BGVP DMG Realview

We have another 1st right here on Audio Realviews, this time from BGVP. I still wonder what does BGVP stands for since there is absolutely no mention of it everywhere, maybe in another language, I’ll never know. What we have to realview specifically is their recent hybrid offering, the BGVP DMG, thanks to DDAudio/Linsould for sending a sample unit in exchange for an honest review. Currently priced at $139 which you can grab a pair at either Amazon or AliExpress. The BGVP DMG is offered in 2 different variations (with and without Mic controls) with 3 colors (Red, Blue and Black). The DMG’s is configured with 4 proprietary BA drivers composed by the 31736 dual BA for Ultra High frequencies and the 10006 Mid and High frequenices matched in 4-way passive crossover with a dual-dynamic driver while also allowing signature changes with its 3 acoustic filter options, silver for treble boost, gold for bass boost and matching housing color (Red, Blue or Black) filter as a reference filter. Spec’d out with a 15-45 KHz Frequency Response, 18 ohms Impedance and a 10dB Sensitivity. Cramping all these specifications at $139 should have its downsides, right? Only one way to know.

Packaging and Build Quality

The DMG’s came in with a brown box within a detailed cover showing the DMG silhouette and specifications, inside the box is 2 black boxes, 1 for the DMG IEMs themselves and the other for the accessories. The accessory set is great which included 1 set of black silicon wide bore tips (S, M and L), 1 set of gray silicon medium bore tips and 1 set of blue silicon small bore tips. Black medium foam tips are also present as well as a shirt clip and black silicon ear guides. There is no pouch though.

The DMG’s housing is made of aluminum-magnesium alloy which feels sturdy when held and has a smooth matte finish, there are 2 vents present, 1 near the MMCX interface and 1 on the back of the faceplate. I find it odd that their photos and the box itself showed a vent on the faceplate itself but the actual IEM doesn’t have any. The contours of the DMG are very comfortable and lasted around 5-6 hours of use and didn’t bother me much when I fell asleep wearing them. The MMCX interface is gold-plated which is already standard nowadays.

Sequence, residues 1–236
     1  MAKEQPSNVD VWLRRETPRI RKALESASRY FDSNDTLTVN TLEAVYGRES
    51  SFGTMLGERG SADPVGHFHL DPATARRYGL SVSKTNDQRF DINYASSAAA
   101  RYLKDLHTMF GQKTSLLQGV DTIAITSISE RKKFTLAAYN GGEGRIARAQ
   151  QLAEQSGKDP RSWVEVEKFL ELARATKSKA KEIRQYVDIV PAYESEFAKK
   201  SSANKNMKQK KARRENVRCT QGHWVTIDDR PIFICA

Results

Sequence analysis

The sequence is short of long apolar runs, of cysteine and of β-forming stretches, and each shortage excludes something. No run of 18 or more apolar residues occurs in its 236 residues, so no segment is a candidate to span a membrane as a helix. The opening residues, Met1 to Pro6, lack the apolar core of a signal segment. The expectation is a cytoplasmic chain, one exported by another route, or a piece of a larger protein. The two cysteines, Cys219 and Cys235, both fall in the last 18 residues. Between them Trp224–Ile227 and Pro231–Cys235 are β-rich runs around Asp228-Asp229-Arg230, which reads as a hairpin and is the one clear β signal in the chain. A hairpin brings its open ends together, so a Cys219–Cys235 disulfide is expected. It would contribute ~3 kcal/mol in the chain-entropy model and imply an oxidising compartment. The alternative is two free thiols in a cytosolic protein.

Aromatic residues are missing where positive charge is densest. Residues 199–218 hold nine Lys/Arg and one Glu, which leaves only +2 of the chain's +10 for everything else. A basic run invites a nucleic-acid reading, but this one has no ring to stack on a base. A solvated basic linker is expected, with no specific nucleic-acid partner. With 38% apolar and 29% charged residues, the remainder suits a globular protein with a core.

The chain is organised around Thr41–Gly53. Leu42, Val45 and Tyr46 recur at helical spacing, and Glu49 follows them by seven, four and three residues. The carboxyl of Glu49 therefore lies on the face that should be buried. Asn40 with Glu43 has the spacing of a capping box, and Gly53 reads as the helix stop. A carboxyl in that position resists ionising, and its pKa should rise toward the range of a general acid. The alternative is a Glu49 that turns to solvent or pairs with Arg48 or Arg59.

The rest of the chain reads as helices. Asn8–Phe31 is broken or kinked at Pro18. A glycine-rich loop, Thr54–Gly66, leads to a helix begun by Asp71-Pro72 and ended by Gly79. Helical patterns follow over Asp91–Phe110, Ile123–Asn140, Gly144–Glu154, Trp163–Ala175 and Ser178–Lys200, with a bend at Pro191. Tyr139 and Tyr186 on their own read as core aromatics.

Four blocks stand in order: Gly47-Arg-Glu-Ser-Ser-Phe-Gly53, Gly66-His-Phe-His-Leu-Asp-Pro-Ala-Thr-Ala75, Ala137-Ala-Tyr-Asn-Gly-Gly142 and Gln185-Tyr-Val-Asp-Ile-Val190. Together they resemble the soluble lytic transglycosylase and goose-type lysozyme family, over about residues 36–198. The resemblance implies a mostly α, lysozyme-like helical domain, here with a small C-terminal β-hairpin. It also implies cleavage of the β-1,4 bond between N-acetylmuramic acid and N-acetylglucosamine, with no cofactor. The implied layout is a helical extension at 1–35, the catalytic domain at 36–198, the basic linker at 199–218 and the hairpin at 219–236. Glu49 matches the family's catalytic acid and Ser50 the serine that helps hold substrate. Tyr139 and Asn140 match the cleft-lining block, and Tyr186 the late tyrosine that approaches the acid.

The included cable that the DMG’s came with was the non-mic option. It is a %N SPC cable with looks good when paired with the IEM’s themselves. It uses a gold-plated 3.5mm L-plug with the BGVP branding along with a silver barrel type Y-split, a chin slider is also present which made comfort so much better. The male MMCX connectors uses the Red/Blue color coding to act as L/R markings. A memory wire is also present for over ear use which rendered the silicon ear guides a redundant accessory, minimal microphonics were observed, not something that bothers one much.


The DMG came out sounding rather warm right out of the box on the OnePlus 3T and was totally driven well at that setup already which was a good sign. I rotated the 3 acoustic filters to get an initial impression without some burn-in and even when using the silver filters, the DMG still gave out a warm tonality. I decided to roll with the reference filters and did a “100hour” burn-in for these using the Sony ZX1’s. We would be using the included black medium foam tips for the duration of the review as well as the Xduoo x3ii and Opus 1.